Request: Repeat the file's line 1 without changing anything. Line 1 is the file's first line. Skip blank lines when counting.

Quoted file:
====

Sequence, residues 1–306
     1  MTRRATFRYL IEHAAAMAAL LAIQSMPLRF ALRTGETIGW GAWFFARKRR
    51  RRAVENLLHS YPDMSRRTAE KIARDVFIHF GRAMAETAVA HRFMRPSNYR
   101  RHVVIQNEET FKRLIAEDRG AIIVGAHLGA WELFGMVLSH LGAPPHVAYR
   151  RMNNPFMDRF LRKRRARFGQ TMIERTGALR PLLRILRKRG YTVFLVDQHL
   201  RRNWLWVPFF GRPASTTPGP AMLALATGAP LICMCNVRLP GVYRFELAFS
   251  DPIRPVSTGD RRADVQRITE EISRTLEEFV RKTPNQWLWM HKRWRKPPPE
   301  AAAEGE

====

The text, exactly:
Sequence, residues 1–306